An Azerbaijani service member and a Russian peacekeeper stand guard at a checkpoint on the outskirts of Shusha (Shushi) in the region of Nagorno-Karabakh on November 13, 2020 [Reuters]
On November 11, Russian troops took over the Lachin corridor connecting Armenia with the breakaway enclave of Nagorno-Karabakh. Their deployment was the first step in implementing a peace deal reached by Azerbaijan, Armenia and Russia two days prior.
Under its terms, Moscow agreed to send a 2,000-strong peacekeeping contingent and set up 16 observation points around Nagorno-Karabakh. The deal also confirmed Azerbaijan’s recovery of seven districts around the region, including Shusha (or Shushi in Armenian), its historic capital, following six weeks of fighting with Armenia and the self-proclaimed republic of Artsakh.
Though the agreement is a crown achievement for President Ilham Aliyev, Russia has also made significant gains. Nagorno-Karabakh was the sole “frozen conflict” in the post-Soviet space with no Russian “boots on the ground”. That gave local parties, Yerevan and Baku, greater room for manoeuvre. Azerbaijan was also the only country in the Southern Caucasus without Russian military presence on its soil. This has now changed.
The new status quo today in Nagorno-Karabakh is reminiscent of the breakaway region of Transnistria in Moldova or South Ossetia and Abkhazia, splintering from Georgia, where Moscow emerged as the arbiter from the very start.
The war has played into Putin’s hands by diminishing Armenian Prime Minister Nikol Pashinyan, too. Propelled to power by street protests back in April-May 2018, the former journalist very much fits the profile of a “colour revolutionary” the Kremlin views as a threat.
Though Pashinyan, understandably, never challenged Armenia’s special relationship with Russia, he did take on individuals and clans connected to Moscow. Earlier this year, Serzh Sargsyan, the former president Pashinyan toppled, went on trial for corruption along with several of his ministers. Another ex-president, Robert Kocharyan, who happens to be a personal friend of Putin’s, faced justice over the violent suppression of protests in 2008.
As a result, Pashinyan’s overtures to Moscow, both before and during the war, were by and large rebuffed. In July, Margarita Simonyan, the head of Russian broadcaster RT and one of the Kremlin’s top propagandists, accused the Armenian leadership of anti-Russian activity and said they should not expect Russia’s help in the event of a war.
Now faced with popular anger over territorial losses Pashinyan’s political future hangs in the balance. The Russian leadership will not miss him in case he goes. Pro-Kremlin media are now trumpeting Russia’s role in guarding Armenian historic sites and protecting people on the ground, drawing a stark contrast with Pashinyan’s alleged failures.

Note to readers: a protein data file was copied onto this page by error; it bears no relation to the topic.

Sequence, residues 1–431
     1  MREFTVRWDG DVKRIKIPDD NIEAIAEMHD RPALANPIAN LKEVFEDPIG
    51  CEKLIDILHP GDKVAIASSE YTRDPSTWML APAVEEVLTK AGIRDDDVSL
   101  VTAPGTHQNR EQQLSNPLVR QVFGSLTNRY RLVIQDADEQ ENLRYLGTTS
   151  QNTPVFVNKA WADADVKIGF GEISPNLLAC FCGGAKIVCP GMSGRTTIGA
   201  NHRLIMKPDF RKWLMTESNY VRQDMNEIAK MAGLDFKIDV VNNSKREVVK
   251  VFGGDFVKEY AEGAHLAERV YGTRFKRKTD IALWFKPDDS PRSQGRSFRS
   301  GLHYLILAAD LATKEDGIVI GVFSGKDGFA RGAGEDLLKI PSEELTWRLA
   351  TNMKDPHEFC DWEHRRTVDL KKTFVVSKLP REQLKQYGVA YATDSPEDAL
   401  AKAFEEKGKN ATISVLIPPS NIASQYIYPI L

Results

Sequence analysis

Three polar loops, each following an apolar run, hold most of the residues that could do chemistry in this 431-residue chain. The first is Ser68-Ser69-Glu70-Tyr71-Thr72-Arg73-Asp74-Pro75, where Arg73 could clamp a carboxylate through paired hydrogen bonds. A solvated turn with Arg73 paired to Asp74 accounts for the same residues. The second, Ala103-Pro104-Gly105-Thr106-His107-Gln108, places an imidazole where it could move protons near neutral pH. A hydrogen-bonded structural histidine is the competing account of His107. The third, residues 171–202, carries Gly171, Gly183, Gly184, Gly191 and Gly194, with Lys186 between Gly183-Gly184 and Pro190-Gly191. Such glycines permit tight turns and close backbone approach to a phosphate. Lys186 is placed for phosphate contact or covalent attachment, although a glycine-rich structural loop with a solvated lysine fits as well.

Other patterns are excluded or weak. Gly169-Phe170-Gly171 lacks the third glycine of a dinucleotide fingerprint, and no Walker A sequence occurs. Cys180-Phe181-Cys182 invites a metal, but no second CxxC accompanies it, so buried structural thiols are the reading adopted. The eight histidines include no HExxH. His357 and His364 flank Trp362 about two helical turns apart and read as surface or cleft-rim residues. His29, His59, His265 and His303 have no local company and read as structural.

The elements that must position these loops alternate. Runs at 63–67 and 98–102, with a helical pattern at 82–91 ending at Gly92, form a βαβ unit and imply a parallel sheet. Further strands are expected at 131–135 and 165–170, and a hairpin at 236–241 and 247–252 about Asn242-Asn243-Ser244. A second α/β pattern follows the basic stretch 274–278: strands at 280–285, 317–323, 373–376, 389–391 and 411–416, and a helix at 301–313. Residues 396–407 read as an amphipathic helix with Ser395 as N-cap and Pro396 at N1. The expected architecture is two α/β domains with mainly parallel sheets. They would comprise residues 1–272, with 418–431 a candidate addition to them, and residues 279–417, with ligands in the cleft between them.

But the big question that is on everyone’s mind concerns Turkey. What is its balance sheet in Nagorno-Karabakh? After all, it was President Recep Tayyip Erdogan’s decision to give strong military support to the Azeris that tipped the scales.
While Ankara denies reports of Syrian fighters manning the front lines in Nagorno-Karabakh or Turkish officers embedded with Azerbaijan’s forces, Turkish-made Bayraktar drones wreaked havoc on Armenians, destroying hardware, notably Russian-made tanks, and inflicting casualties on large scale.
The limited military intervention did provide some political benefits. Turkey asserted its role as a top player in the South Caucasus. It overtook the West with US and France, members of the so-called Minsk Group managing Karabakh on behalf of the Organization for Security and Co-operation in Europe, appearing irrelevant.
In addition, the corridor through Armenian territory to the Azerbaijani Nakhichevan exclave agreed in Moscow sets a direct territorial bridge between Turkey and Azerbaijan proper. Political and commercial links between the two countries are set to flourish, which has been welcomed by much of the Turkish public.
Gains are partial nonetheless. Turkey was angling to gain influence in the South Caucasus. It envisioned a seat at the table negotiating a settlement in Nagorno-Karabakh, with Moscow, Baku and Yerevan and possibly a peacekeeping mission modelled on the Russian-Turkish joint patrols in Syria’s Idlib region. But this did not happen.
Turkey might obtain some symbolic role in peacekeeping, such as sending observers attached to the Russian force, but that will be Moscow’s call. Azerbaijan’s acceptance of Russia’s army is a setback for Ankara. Essentially, Ankara ventured on Russian turf and scored points. Turkey inserted itself into Russia’s presumed “near abroad”, just like Russia did back in 2015 by intervening in Syria. However, for the time being, at least, Moscow got the upper hand.
The case of Nagorno-Karabakh highlights the Russian-Turkish dynamic more broadly. The two states are partners as well as competitors across various theatres: in Syria, in Libya, the Southern Caucasus and the Black Sea, as well as the Western Balkans. They have learned their lesson and know how to manage their differences and focus on shared interests. Teaming up against the West helps keep a lid on mutual conflicts. But it is a complex balancing act for Putin and Erdogan.